This is made from a polyester charmeuse, which isn’t something I normally go for, but it was so soft and drapey and didn’t feel plastic-y at all. And when I saw the December 2017 Burda blouse, it seemed like the perfect match.
Of course, it took me four months to sew it up. But here it is, finally, and worth it. It’s a really lovely blouse, and if you’re looking for something drapey, but not shapeless, and with some interesting details, this is a good pattern.
A few details are kind of fussy:
- The shoulders are meant to sit back from the joint, as you can see; I didn’t adjust the seam because I didn’t want to end up with the shoulder seam too broad and mess up that bit of puffiness, but as it turns out, it really would have benefited from a bit of an extension. It’s just a bit snug.
- I did the FBA and ended up with my usual enormous side dart, but didn’t add a waist dart–I kept the blousiness instead. I think it works but your mileage may vary. As per usual I basted the dart and left it unpressed so that I could shift it if I needed to–and I did. The dart point was several inches too low so I ripped it out and moved it up. A lot. It took about five tries to get it right–oy. Mostly this is because the FBA was 2″ per side so things moved around a lot, what with all the cutting and pasting; but I find bust darts on most patterns too low for me.
- The pleats!
Burda has general pleat instructions, consisting of the number and size. But the last thing you want is wobbly, crooked, uneven pleats on the collar, so a few suggestions:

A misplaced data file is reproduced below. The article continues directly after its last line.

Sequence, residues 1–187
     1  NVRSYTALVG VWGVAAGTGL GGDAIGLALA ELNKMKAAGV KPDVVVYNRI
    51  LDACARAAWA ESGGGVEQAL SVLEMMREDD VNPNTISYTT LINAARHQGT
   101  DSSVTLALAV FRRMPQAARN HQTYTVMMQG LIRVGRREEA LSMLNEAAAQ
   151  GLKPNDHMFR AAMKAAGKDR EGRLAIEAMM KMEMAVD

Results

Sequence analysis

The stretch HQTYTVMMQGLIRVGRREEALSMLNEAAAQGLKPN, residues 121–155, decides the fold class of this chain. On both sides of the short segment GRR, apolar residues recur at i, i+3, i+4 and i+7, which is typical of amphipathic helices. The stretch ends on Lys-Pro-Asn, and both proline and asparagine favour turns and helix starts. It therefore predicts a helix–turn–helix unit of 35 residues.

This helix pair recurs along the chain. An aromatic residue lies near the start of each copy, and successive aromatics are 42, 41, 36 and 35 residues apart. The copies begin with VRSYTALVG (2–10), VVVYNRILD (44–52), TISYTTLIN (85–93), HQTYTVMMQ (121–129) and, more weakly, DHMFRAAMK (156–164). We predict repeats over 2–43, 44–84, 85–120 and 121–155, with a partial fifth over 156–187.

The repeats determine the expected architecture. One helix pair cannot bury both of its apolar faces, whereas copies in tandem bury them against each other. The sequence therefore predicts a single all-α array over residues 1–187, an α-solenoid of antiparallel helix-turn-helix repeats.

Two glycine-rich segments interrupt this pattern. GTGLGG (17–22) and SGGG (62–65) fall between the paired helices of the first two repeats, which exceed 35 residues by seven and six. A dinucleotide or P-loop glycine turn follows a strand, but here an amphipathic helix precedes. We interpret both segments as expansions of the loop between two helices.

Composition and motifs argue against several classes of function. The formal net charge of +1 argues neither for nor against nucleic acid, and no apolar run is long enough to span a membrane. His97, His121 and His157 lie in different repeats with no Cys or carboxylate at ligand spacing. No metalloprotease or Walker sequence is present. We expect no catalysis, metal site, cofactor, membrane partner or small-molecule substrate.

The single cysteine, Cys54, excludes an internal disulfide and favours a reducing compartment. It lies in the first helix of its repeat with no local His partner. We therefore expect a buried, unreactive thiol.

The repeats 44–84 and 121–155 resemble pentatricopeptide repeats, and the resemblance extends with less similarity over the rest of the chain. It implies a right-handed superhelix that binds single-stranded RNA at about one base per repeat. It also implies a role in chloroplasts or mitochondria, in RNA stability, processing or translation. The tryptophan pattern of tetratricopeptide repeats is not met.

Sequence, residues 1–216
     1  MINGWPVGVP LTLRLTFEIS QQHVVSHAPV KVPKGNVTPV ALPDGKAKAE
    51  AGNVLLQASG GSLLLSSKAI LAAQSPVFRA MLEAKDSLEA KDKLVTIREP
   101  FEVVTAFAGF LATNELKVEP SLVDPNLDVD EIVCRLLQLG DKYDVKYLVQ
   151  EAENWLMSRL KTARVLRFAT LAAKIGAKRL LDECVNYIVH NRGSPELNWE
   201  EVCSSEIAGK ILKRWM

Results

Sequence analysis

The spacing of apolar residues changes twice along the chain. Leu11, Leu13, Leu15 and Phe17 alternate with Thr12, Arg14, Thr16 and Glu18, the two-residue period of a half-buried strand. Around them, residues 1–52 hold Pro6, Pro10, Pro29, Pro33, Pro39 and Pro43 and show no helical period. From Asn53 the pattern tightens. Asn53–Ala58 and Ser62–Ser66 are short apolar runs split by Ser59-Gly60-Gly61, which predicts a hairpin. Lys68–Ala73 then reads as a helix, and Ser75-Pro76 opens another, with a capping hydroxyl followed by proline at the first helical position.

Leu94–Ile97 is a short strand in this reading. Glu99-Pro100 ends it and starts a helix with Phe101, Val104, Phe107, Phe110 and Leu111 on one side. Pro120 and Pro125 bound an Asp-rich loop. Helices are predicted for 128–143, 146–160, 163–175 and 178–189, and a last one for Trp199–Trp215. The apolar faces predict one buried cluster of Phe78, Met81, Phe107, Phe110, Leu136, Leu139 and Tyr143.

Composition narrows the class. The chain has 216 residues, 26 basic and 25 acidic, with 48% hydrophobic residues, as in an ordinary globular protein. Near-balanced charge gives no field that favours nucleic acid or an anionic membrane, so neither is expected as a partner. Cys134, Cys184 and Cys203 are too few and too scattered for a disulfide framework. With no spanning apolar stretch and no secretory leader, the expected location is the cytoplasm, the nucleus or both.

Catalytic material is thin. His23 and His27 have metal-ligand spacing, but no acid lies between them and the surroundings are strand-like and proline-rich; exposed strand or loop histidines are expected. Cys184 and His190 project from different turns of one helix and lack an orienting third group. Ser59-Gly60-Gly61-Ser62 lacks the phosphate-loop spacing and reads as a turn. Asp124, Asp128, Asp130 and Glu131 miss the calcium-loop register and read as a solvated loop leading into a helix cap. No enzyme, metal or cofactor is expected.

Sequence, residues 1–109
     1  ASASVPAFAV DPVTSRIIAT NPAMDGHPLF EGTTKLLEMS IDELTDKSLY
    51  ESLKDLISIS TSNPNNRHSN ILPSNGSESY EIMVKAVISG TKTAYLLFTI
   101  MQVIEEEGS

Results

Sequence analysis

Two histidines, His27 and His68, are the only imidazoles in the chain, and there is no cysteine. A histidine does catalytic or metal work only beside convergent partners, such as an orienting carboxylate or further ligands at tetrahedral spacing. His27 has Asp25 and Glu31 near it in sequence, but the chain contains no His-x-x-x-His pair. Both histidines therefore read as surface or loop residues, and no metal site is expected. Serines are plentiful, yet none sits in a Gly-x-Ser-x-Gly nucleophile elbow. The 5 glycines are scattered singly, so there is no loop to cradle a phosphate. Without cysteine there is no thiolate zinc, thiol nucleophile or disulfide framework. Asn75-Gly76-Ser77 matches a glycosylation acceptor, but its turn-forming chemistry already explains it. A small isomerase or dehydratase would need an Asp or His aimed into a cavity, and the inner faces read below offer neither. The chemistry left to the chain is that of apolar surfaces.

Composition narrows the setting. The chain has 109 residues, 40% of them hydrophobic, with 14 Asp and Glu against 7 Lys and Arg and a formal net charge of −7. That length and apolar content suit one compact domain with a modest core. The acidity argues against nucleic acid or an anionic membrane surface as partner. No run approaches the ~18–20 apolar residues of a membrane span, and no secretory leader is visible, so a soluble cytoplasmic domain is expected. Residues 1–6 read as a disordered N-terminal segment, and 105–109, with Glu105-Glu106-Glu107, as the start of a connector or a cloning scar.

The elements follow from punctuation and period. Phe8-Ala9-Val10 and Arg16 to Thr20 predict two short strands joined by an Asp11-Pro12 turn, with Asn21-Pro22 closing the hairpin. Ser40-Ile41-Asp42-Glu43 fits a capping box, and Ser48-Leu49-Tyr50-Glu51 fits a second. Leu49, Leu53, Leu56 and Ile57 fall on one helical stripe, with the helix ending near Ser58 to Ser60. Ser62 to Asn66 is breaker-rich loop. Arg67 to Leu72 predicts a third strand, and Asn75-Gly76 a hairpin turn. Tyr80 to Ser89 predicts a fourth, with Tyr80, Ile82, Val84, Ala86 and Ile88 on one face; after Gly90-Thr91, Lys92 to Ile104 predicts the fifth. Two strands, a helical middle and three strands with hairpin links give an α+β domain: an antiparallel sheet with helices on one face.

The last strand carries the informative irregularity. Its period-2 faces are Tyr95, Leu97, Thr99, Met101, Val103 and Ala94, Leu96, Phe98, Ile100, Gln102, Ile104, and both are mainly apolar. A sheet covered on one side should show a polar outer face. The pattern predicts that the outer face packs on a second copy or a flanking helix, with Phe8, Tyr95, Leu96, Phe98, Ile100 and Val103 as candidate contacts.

- Pin each pleat securely.
- Baste through the top and bottom of the whole run of pleats
- Pin to the collar piece from the top of the pleat piece rather than the bottom
- Baste, and be prepared to rip out stitches to pull pleats in or push them out to keep the top of that piece even
- I recommend using a zipper or other foot that allows you to get very close to the bulk of the pleats when attaching it to the collar
I made my ruffled collar a bit shorter than they suggested as I don’t like a lot of bulk around my neck.
I used a very lightweight tricot fusible interfacing on this blouse to keep the drapeyness, and it worked; cuffs and collar are finished with handstitching this time to minimize visible stitching. Seams were first sewn with a regular machine and then serged to prevent fraying. A french seam would have worked, but I’m just not putting in the effort for poly, no matter how pretty it is.
I’m not sure it’s the kind of shirt you make more than once. I would recommend it, though. It’s pretty and different and works very well with a very fluid fabric.
This is a size 38 with an FBA. I shortened the sleeves by about 1″, but that’s just my short arms. I should be a 40 w/ an FBA, but as usual, with Burda I size down by one.